EDF's poor nuclear forecasts put off power traders
* Since mid-April nuclear power forecast to rise sharply
* Actual output systematically below projections
* Traders say cutting exposure to France's power market
* France's regulator says keeping close eye
By Michel Rose and Muriel Boselli
PARIS, July 4 (Reuters) - A persistent gap between the French electricity grid's forecasts of available nuclear power and the amount that eventually feeds into the network is discouraging participation in a small power market with little price movement, traders said on Wednesday.
State-owned utility EDF, which operates France's 58 nuclear reactors, provides power grid RTE with capacity data, which it then uses to produce short-term, medium-term and long-term availability forecasts.
French power generators in 2010 started publishing projected output data per unit of production as well as unplanned outages and restarts to help traders accurately gauge the supply/demand balance, which could encourage trading in the market.
France's energy regulator, the European Commission and traders had put increasing pressure on EDF, the former power monopoly, to boost data transparency of its reactors, which provide 75 percent of the country's power mix.
"It's now been two months that unavailability is higher than what is forecast," one London-based trader said.
"It's one thing to see mistakes from time to time, but every day - this is not acceptable," the trader said, adding the margin of error could at times reach 23 percent.
"This leads to a loss of confidence in the French market, with prices people cannot compute, and this is worrying," a Geneva-based trader said.
Traders said the constant gap between forecasts and actual generation could give EDF's own traders an unfair advantage, leading some to mull the possibility of lodging a complaint to the European Federation of Energy Trading (EFET).
An EFET spokeswoman declined to comment.
EDF said the utility was relaying accurate information in a speedy manner and declined to comment on traders' suspicions.
Delays in restarts are possible because of the high level of nuclear outages, an EDF spokeswoman said.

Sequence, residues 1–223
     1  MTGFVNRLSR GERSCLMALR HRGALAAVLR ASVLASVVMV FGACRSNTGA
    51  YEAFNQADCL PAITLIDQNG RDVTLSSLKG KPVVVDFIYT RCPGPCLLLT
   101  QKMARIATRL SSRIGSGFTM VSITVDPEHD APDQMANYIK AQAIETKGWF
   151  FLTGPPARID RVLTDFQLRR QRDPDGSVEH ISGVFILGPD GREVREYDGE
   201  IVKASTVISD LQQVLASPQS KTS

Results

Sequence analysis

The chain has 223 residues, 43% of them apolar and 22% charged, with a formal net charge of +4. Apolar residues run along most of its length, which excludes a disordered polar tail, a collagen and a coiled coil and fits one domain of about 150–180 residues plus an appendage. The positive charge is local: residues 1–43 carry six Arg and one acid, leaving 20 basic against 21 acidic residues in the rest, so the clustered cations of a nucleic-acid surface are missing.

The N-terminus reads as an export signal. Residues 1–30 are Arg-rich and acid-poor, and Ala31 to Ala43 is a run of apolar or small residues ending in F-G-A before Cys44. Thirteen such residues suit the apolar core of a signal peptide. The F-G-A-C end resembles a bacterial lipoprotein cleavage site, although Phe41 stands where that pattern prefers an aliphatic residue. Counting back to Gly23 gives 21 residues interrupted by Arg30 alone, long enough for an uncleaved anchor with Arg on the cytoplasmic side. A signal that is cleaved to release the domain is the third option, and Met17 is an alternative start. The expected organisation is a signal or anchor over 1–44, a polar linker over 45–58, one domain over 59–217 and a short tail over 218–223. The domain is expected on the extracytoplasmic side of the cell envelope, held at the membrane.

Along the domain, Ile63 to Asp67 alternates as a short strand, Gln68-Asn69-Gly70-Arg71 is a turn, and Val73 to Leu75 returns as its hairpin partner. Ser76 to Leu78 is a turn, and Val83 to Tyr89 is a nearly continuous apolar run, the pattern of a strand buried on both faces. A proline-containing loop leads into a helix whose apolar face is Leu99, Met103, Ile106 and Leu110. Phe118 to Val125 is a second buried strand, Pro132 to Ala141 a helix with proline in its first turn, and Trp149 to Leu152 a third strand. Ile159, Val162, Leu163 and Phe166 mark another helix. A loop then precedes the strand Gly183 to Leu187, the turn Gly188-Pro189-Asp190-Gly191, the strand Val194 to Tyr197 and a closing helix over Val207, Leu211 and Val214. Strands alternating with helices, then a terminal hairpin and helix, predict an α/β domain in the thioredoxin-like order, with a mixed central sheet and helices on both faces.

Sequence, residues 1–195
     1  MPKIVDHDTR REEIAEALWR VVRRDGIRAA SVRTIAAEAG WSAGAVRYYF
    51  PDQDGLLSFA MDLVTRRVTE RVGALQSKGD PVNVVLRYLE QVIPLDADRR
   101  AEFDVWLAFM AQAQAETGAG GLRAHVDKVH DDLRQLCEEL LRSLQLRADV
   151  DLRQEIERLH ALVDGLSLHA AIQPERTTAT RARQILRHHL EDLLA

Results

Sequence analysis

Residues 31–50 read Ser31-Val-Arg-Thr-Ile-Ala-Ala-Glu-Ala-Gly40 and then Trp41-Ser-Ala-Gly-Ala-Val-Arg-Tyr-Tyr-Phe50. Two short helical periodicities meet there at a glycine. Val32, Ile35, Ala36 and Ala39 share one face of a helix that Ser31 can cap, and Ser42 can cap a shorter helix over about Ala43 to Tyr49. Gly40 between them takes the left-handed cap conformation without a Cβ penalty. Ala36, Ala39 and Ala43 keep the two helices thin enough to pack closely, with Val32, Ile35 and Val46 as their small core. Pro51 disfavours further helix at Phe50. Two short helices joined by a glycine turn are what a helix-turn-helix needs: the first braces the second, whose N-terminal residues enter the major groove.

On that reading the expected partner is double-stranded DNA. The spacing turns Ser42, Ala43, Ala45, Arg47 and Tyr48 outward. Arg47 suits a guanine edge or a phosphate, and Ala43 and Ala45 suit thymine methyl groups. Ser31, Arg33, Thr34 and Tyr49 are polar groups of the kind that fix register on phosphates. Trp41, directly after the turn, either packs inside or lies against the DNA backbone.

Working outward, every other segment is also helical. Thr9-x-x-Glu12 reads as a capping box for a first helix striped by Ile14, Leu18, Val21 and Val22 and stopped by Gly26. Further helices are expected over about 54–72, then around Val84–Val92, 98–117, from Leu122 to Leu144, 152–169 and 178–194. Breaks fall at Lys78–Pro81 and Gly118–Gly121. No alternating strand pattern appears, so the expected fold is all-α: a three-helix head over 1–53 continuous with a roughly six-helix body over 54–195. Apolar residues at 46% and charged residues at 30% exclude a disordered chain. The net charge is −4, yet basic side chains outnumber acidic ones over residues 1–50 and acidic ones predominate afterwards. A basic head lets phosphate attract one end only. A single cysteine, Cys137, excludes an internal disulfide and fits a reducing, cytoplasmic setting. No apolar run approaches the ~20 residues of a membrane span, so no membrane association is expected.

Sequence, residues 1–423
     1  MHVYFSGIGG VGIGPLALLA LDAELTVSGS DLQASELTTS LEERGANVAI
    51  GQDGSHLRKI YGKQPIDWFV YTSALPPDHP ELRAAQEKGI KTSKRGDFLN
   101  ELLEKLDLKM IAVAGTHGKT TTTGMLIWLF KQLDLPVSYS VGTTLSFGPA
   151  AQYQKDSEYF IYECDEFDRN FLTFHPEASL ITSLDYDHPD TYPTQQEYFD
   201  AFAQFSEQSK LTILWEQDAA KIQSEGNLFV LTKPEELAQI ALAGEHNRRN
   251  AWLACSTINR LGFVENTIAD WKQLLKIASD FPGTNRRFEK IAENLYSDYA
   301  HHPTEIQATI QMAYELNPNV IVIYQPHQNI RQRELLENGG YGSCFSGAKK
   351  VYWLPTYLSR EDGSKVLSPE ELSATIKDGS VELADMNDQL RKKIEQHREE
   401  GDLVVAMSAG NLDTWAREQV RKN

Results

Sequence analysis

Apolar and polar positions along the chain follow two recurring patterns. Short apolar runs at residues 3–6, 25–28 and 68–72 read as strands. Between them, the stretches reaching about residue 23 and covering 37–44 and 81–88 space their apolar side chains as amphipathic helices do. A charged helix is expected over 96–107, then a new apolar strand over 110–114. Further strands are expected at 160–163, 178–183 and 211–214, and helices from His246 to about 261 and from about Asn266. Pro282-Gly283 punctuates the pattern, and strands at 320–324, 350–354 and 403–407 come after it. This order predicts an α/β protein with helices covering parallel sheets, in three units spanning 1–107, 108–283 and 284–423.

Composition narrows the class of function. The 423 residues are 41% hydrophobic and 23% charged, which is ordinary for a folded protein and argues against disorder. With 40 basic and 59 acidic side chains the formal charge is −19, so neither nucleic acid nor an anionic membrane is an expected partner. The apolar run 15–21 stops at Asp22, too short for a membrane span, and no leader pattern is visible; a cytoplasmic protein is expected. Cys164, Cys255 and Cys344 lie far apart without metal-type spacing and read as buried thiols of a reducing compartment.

"We are at a turning point because reactors are ageing," she said. "We have many reactors undergoing once-a-decade maintenance; we have a lot of work going on."
EDF traditionally carries out maintenance in the spring and the autumn to help ensure reactors are available to meet peak electric demand in the summer and winter.
A spokeswoman at France's energy regulator (CRE) said the watchdog was keeping a close eye on the issue but could not say whether this would lead to an investigation.
CONSISTENTLY FALLING SHORT
Since mid-April, weekly forecasts of nuclear availability in the short and medium term have predicted sharp increases for the subsequent week, but capacity coming online has consistently failed to pick up.
The gap coincides with a record high level of nuclear outages at EDF's 19 plants with off-line capacity at 20,600 MW, or 32.6 percent, according to Reuters data.
As an example, forecasts for the week of June 25 published on RTE's website 10 days in advance predicted nuclear capacity of 45,055 MW. Actual capacity that week was 14 percent less at 38,680 MW on average.
The discrepancy was even greater for the week of May 28, when actual capacity reached a 2012 low of 35,727 MW. The first medium-term forecast for that week issued on March 2 was for 48,598 MW.
And the day before May 28, the forecast was still for a capacity of 39,358 MW, more than 9 percent higher than the actual online capacity.
Even if the record low in nuclear availability is unlikely to provoke price spikes this summer, while hydropower reserves have been high and temperatures have been relatively cool for the season, there could be consequences for the liquidity of the French market.
The French electricity market is around a fourth the size of Germany's with just over 5 million megawatt hours traded in June on the EPEX Spot bourse.
"We despair. If they want to kill the market they are going the right way about it," another London-based trader said. (Editing by Jane Baird)
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